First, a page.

Molybdenum’s Role in Nitrogen Fixing

30 May 18

Molybdenum’s Role in Nitrogen Fixing


Molybdenum role has been renowned to many scientists to be one of the most unique nutrients required for the development of life, as its key role in breaking the strongest molecule within the atmosphere, turning the most abundant element within the atmosphere nitrogen gas (78%) to 31st within the crust (0.002%). Why Molybdenum, due to its key role in the mechanism within an organism turning Nitrogen gas (N2) into ammonia (NH3) with a specialized enzyme named Nitrogenase that facilitates breaking this bond through the capabilities of Molybdenum’s elemental characteristics derived from Its overall weight/size that both correlates to how it acts as an element but more importantly in its rarity/deficiency within the soil.


The Limitation...

The weight of the element Molybdenum greatly eclipses those weights of naturally utilised elements, weighing 98 atomic mass units as compared to Phosphorous being 31 and Potassium 39 and the rest of naturally utilised elements having substantially less mass giving Molybdenum the ambiguous title of heaviest element to be frequently found deficient in the soil. The fact of its rarity is suggestive from its corresponding weight and this is known as the rough rule in chemistry that with weight of an element comes more rarity. Interestingly due to this rule and the importance of fixed nitrogen needed for life, the scarcity of Molybdenum in the Earth has resulted into being the limiting factor to nearly 2 billion years of evolution of life (more than 50% of life on earth). These defining limitations of the dependence of life to Molybdenum’s use within Nitrogenase suggests the complexity of the development of this mechanism of converting nitrogen gas to ammonia and later fixed nitrogen which in comparison comes effortlessly for all organisms.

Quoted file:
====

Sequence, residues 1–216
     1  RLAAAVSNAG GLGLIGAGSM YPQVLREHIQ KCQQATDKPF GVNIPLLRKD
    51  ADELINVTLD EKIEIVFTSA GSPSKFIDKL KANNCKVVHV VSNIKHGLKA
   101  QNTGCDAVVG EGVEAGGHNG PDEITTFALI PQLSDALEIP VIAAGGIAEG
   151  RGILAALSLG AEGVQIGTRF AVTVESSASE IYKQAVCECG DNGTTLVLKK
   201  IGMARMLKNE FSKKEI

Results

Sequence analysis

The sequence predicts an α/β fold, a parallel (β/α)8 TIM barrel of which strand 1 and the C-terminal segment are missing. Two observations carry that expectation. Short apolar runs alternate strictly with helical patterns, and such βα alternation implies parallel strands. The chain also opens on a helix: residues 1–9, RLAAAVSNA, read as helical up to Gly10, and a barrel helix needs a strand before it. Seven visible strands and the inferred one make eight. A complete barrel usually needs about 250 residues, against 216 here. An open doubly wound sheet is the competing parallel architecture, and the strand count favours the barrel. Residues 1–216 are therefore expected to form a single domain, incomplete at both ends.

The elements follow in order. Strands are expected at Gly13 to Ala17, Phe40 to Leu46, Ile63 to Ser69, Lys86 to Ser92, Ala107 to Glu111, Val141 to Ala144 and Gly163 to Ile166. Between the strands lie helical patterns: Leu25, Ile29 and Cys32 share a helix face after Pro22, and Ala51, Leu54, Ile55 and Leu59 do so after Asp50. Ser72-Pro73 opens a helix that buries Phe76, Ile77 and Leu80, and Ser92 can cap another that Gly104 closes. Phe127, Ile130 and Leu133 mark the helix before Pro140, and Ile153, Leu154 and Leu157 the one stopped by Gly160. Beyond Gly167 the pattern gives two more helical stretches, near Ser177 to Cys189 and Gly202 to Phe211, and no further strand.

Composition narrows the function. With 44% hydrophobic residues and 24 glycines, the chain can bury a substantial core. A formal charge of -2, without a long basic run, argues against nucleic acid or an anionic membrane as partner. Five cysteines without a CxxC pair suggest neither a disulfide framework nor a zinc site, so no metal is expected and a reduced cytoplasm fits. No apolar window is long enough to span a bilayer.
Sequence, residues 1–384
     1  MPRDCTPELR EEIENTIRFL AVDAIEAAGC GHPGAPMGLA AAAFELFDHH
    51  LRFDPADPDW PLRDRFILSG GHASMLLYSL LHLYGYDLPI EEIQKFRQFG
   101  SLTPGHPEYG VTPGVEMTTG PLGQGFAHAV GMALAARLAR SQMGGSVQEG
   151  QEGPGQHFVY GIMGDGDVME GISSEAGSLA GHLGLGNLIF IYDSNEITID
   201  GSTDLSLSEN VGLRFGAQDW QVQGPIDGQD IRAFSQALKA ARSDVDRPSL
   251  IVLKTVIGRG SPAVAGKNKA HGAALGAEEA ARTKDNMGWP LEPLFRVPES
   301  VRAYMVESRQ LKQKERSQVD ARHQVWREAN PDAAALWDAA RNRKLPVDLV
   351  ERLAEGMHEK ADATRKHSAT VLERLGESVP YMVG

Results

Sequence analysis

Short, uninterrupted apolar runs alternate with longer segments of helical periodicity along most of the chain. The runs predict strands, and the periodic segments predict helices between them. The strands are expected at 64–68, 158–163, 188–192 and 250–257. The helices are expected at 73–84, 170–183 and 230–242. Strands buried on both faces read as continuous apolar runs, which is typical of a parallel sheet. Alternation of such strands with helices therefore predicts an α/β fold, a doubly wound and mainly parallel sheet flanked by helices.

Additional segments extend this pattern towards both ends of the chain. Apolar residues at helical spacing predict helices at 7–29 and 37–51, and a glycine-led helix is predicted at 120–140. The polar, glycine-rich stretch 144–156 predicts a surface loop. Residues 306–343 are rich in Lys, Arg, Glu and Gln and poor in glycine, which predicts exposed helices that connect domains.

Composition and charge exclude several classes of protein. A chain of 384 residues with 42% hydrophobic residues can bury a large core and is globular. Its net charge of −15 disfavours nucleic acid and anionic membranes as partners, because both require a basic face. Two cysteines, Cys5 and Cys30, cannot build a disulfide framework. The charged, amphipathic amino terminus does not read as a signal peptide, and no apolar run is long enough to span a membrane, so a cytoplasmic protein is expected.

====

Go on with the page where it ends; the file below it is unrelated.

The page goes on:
The Complexity...

Molybdenum’s capabilities to facilitate this highly unique and demanding conversion for usable Nitrogen comes with its limitation within organisms or more specially the organisms that have adapted for this limitation/restriction. These organisms are known as Diazotrophs that create anaerobic conditions within heterocyst’s organelles that allow Molybdenum to transition unimpeded through its oxidation states… what does this all mean? Well, the main point from this is the requirement of anaerobic conditions meaning absence of oxygen in a biotic (living) environment which cannot be easily achieved within life therefore the adaptation/development of specialized organisms (Diazotrophs) that have formed unique cell-structures (organelles) that differentiate with multiple walls (heterocyst) the oxygen rich exterior to the anaerobic interior allowing this mechanism to be unimpeded.


The Mechanism...

Oxidation states and “abundance” are the factors that define the importance of Molybdenum into the use within this mechanism, where definition of oxidation states is roughly factored into how much it weighs therefore reaching a point of limited abundance with ideal oxidation states that being Molybdenum. What is oxidation states and its importance… that question becomes very hard to describe needing the understanding of elements that being protons, electrons and pairing of electron shells, so to put it simply (hopefully) oxidation states is the capability of holding and letting go more electricity (electrons), meaning it can store lots of electrons to than transfer to nitrogen gas which results in these specialized conditions to transform it into ammonia then later fixed nitrogen.


Life Finds A Way



Author: Barclay Rohrlach, AgroBest, 2018